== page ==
Stephen Hawking once said, “We are all connected, like neurons in the giant brain.”
The significance of connectivity has only proliferated in today’s world. From its reliance on less efficient technologies, humankind has made substantial progress into new-age communication systems. “Notably, satellite communication, which was usually considered as the last resort by implementers, is once again coming to the forefront as a go-to option,” remarks Matthew Ellison, Business Development Manager at Wireless Innovation.
In the face of this technological evolution, Wireless Innovation is all set to meet the requirements of its clients through state-of-the-art satellite connectivity solutions. The company paves the way for a secure and reliable communication link–from the remote site back to the central control room. Ellison points out that the technology is shifting towards IP connectivity where data is flowing in multi-directions. This requires remote sites to automate processes and make giant strides to meet the customer demands for “better service in an affordable range.”
This is precisely where Wireless Innovation moves the needle. It eradicates the need for third-party services and makes remote sites more resilient to risk. “Being able to interface secure connections with a wide variety of data loggers and PLCs, we make data collection efficient and subsequently reduce the cost,” informs Ellison. Wireless Innovation banks on its extensive experience in the utilities market and provides end-to-end solutions unique to the clients’ needs. Be it a wireless network for CCTV backhaul or a satellite communications system for retrieving critical M2M data from a mountain top, the company addresses the diverse needs of its clients.
The looming question is: how?
The uniqueness of Wireless Innovation stems from the extensive knowledge of its team that brings in over 200 years of combined experience in wireless telemetry, wireless SCADA, radio and cellular communications, and all forms of wireless data communications. The interesting mix of ingrained knowledge allows Wireless Innovation to impart flexibility in clients’ business propositions. Infusing their know-how while dealing with clients’ challenges, the proficient team focuses on two prime aspects–volumes of data and frequency of transmission. Energy power requirement is another key component. It is the balance between these three factors that enable the company to curate solutions that are not only efficient but also cost-effective. “We take special care of our customer needs throughout their wireless journey,” continues Ellison. “We collaborate with clients to find a common ground where both our purposes are met.”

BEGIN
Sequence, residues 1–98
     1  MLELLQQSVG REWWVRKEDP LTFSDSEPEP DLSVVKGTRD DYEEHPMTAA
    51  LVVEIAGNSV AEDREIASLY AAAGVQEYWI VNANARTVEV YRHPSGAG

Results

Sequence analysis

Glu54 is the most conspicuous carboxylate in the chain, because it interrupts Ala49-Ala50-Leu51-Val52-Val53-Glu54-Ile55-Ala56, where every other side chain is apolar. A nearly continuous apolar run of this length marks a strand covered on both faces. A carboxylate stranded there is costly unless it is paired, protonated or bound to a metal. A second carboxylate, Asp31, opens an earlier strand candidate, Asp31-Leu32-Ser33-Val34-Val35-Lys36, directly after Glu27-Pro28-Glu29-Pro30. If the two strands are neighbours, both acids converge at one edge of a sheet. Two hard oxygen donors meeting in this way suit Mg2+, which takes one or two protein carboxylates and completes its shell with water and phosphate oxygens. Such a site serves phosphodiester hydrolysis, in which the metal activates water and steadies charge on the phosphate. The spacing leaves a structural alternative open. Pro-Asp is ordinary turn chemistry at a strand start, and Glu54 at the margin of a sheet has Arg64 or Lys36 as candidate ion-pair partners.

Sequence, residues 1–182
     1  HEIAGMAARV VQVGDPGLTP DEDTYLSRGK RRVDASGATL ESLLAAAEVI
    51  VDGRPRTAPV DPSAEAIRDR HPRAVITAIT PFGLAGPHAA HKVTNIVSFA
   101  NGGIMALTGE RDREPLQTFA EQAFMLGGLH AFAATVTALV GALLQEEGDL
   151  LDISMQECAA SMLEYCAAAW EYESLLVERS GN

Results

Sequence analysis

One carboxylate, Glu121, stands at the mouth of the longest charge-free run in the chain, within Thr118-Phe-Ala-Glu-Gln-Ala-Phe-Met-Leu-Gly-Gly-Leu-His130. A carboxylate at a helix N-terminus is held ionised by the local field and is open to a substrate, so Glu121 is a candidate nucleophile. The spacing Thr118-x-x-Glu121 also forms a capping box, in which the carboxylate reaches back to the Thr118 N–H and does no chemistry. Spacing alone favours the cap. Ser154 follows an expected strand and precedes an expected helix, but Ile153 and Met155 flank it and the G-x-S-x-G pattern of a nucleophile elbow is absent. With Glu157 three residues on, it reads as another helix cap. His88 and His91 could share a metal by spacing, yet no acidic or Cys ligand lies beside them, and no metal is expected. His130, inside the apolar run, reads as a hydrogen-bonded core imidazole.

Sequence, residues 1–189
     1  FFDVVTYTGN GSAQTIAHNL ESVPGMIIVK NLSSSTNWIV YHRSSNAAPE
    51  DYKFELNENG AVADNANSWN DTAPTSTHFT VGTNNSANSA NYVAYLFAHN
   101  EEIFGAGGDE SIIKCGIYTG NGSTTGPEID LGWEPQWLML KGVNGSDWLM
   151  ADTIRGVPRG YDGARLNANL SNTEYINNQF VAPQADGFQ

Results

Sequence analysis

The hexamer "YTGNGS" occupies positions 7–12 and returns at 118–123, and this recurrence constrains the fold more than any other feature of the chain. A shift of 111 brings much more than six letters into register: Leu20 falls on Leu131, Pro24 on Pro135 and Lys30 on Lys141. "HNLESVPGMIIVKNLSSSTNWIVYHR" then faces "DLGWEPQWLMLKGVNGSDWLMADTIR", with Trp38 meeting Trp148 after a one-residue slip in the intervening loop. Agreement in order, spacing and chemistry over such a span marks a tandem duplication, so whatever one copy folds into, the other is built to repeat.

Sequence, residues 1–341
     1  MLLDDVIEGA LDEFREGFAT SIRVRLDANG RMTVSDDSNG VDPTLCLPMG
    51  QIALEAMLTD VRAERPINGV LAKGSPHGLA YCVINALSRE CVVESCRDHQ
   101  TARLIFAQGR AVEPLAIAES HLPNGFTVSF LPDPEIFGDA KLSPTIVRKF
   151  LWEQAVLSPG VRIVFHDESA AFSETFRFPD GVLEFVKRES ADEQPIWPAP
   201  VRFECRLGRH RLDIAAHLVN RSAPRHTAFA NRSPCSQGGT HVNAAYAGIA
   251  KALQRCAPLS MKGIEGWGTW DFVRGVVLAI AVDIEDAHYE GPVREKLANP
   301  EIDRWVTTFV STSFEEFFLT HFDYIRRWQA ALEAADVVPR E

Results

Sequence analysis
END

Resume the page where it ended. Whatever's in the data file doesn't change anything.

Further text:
Since its humble beginnings in 2004, Wireless Innovation has proved its mettle in the M2M, SCADA, and telemetry realm through its satellite and cellular connectivity providers across the globe. The firm provides connectivity as a managed service via its own platform to a wide-spread range of end-user clients worldwide. To understand the efficacy of its solutions better, Ellison walks us through a client success story wherein the company partnered with UK-based water utility company Scottish Water and helped them digitise their communication networks. Scottish Water was challenged by the need to change their legacy analog frameworks that involved “sweating of pipelines” into futuristic digital models. In addition, Wireless Innovation also replaced their traditional PSTN and enabled Scottish Water to ‘plug-and-play’ without having to invest in new RTUs, PLCs, and HMI the number of increased deployment sites to collect remote data efficiently.
With innovation at its core, Wireless Innovation is expanding its market share and is promoting satellites as the viable communication solution for reliance and cybersecurity. Moving forward, Wireless Innovation is incorporating the benefits of IoT in safeguarding data and bringing in catchment monitoring to protect information outside the fence to help water companies manage their operations. “We look forward to facing new challenges, learning new concepts and developing new capabilities in the process,” concludes Ellison.